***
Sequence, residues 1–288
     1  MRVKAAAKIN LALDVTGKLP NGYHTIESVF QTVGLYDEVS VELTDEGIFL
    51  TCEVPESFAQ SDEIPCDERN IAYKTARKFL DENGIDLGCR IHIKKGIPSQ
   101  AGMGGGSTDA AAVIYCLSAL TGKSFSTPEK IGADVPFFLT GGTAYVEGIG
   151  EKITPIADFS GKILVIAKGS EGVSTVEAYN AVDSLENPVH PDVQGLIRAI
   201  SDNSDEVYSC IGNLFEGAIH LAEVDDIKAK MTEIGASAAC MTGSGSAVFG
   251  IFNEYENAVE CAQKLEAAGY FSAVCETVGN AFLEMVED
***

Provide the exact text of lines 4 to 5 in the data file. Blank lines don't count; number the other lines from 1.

   101  AGMGGGSTDA AAVIYCLSAL TGKSFSTPEK IGADVPFFLT GGTAYVEGIG
   151  EKITPIADFS GKILVIAKGS EGVSTVEAYN AVDSLENPVH PDVQGLIRAI